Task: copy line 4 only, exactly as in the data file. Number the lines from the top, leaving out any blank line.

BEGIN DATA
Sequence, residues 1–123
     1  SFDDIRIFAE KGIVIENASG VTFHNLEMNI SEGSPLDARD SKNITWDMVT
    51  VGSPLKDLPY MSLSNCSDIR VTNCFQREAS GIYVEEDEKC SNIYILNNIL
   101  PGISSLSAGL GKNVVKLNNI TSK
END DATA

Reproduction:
   101  PGISSLSAGL GKNVVKLNNI TSK